Moving memorial service for Tsepo Tshola

Stars pay tribute to The Village Pope

The late Jazz artist Tsepo Tshola.
The late Jazz artist Tsepo Tshola.
Image: Fredlin Adriaan

Musician Mandla Ntlatlane paid a moving tribute to fallen singer Tsepo Tshola as he performed one of Sankomota's hit songs, Papa, during the memorial service held on Thursday afternoon at the Joburg Theatre in Braamfontein and virtually.

Ntlatlane, who has a similar voice to the late Tshola's, brought the audience to tears as he sang the famous song backed by a band. Tshola, who was celebrated through song, died on Thursday last week  at Berea Hospital in Lesotho due to Covid-19 complications.

Tshola would have turned 68 next month.

Popularly known as "The Village Pope", he made an indelible contribution to SA music industry with the group Sankomota.

In a highly charged memorial service, local artists like The Soil, Thandiswa Mazwai and Putuma performed at the memorial. "Princess of Africa" Yvonne Chaka Chaka said her friendship with Tshola was that of a brother and sister.

“When I recorded my album Yvonne and Friends, Tsepo was there adding his voice and he also guided me as we recorded the album. Tsepo was loved by South Africa and I want to thank his parents and Lesotho for such a talented human being.”

TV executive producer  Duma Ndlovu, who was also the MC, said he met Tshola in Lesotho when he  left SA due to unrest at the time.

“He is among the people who welcomed me to Lesotho and we became friends. While living in Lesotho the whole band, which was known as Uhuru, became like brothers to me as we broke bread. Tsepo stayed at my house in the US. When the family asked [me] to put together this [memorial], I was honoured.”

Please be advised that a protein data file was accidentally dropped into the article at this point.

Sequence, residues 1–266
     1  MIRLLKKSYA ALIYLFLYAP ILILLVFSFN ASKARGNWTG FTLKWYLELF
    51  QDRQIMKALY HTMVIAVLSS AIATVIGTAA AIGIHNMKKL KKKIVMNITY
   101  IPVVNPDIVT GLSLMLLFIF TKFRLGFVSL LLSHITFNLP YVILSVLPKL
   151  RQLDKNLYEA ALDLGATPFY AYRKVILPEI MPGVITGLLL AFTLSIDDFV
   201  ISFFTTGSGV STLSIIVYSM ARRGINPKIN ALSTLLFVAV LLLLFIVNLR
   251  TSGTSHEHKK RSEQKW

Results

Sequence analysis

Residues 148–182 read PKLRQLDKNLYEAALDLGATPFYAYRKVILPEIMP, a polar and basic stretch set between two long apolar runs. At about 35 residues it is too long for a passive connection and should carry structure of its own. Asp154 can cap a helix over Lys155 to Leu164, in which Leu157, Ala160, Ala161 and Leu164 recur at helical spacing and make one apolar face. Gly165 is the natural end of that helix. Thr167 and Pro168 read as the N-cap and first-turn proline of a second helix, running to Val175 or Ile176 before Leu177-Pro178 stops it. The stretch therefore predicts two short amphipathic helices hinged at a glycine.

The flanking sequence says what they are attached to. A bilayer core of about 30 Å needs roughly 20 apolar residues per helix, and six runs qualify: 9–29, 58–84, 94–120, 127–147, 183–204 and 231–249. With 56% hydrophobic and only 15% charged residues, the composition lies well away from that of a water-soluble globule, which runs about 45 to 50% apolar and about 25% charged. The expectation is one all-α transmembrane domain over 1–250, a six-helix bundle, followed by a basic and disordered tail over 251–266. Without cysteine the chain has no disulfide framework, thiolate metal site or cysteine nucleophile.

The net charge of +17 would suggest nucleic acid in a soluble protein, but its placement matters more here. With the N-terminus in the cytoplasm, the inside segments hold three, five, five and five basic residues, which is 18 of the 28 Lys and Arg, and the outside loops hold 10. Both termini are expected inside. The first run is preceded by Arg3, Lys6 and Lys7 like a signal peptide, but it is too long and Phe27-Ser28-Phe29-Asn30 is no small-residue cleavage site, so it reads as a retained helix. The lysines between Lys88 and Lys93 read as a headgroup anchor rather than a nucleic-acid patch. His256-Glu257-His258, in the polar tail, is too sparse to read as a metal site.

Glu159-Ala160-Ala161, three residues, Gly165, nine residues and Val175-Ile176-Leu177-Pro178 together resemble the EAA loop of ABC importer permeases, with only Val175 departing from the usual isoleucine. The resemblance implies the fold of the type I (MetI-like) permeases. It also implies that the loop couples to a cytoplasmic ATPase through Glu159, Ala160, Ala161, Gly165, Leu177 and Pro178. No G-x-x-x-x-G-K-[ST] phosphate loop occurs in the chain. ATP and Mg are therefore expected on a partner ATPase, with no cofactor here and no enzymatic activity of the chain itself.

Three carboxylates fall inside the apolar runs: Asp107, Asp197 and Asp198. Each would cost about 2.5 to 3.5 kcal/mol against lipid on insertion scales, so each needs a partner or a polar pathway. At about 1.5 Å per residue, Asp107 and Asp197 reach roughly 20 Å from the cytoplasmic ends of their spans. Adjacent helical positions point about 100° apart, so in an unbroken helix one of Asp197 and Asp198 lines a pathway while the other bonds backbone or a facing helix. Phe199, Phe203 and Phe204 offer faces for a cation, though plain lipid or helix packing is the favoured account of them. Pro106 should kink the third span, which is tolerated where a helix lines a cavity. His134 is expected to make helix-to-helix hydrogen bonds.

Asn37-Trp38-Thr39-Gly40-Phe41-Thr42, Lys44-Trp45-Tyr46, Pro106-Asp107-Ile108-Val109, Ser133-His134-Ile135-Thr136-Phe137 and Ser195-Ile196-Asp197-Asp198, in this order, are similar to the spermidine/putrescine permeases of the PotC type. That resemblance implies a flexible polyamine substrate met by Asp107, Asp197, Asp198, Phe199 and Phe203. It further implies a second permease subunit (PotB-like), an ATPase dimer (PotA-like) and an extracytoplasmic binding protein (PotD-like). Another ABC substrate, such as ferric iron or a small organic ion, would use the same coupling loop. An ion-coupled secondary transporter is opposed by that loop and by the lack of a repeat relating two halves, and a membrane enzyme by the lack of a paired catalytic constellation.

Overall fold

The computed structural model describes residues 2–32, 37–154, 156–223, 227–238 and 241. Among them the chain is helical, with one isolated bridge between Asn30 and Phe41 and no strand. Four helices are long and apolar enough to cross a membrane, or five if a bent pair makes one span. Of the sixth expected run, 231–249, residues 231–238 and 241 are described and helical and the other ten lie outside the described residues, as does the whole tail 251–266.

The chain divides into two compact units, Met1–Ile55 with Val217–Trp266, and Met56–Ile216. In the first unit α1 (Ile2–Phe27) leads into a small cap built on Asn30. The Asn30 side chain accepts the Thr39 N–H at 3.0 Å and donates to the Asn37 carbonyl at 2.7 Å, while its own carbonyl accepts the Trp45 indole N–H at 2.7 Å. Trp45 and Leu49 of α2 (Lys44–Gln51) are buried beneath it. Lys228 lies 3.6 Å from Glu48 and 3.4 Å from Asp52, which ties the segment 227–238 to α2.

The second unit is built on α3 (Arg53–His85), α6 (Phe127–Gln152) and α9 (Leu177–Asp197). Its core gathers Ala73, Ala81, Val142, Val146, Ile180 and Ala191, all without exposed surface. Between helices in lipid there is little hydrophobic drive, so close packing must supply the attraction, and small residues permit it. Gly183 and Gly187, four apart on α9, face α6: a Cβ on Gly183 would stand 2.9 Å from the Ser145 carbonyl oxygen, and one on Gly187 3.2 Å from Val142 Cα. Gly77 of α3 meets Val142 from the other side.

Family representative Mike Gcabo said: “How do we celebrate such iconic artist under these [Covid-19]  conditions? Who are we to speak of Tsepo 'The Village Pope' Tshola? Tsepo quickly rose to become an internationalist, pan Africanist and a citizen of the world.

"He belonged to all of us. Tsepo was larger than life. He was an embodiment of hope, as his name suggested. Tsepo lives on in every one of us through song, voice, aura and sheer presence. Through song he healed broken hearts and stopped wars.”

Former member of Malombo, Julian Bahula, said: “Tsepo you've gone to soon my friend. I met Tsepo in 1986, when I was introduced to their music. I was very much impressed by voices and harmonies. I knew that I wanted to work with them (Sankomota). I brought them to London and promoted them in the UK and Europe. I organised tours and concerts for them across. He was more than a great musician, he had a soulful and striking voice. His legacy lives on for his family to treasure. He is gone but not forgotten.”

Musician Caiphus Semenya defined Tsepo he was a wonderful person.

"He died in a terrible way due to this pandemic. I have known Tsepo for many years and if I were to talk about him I will need hours to do that. His story is a kind of story that you cannot relate in few minutes but you can write a book. Go well my friend."

Saxophonist Sipho Mabuse who broke down as he paid tribute to Tshola said: “It is a difficult moment I cannot even find the right words to speak. Tsepo was a friend, a brother and a colleague. In 1978, when a colleague Selby Ntuli died, it was the same time where a band called Uhuru was in South Africa. We spent the night together with Frank Leepa, Black Jesus, Selby and Tsepo Tshola aka BT. The next day, it was Tsepo who broke the news to me that Selby has died.”

“I could not believe it because a night before I had dropped  Selby at home. We drove to Diepkloof (Soweto) together to verify and convince ourselves that Selby has died. Today, I am reminded of that day as I bid farewell to you my brother..”

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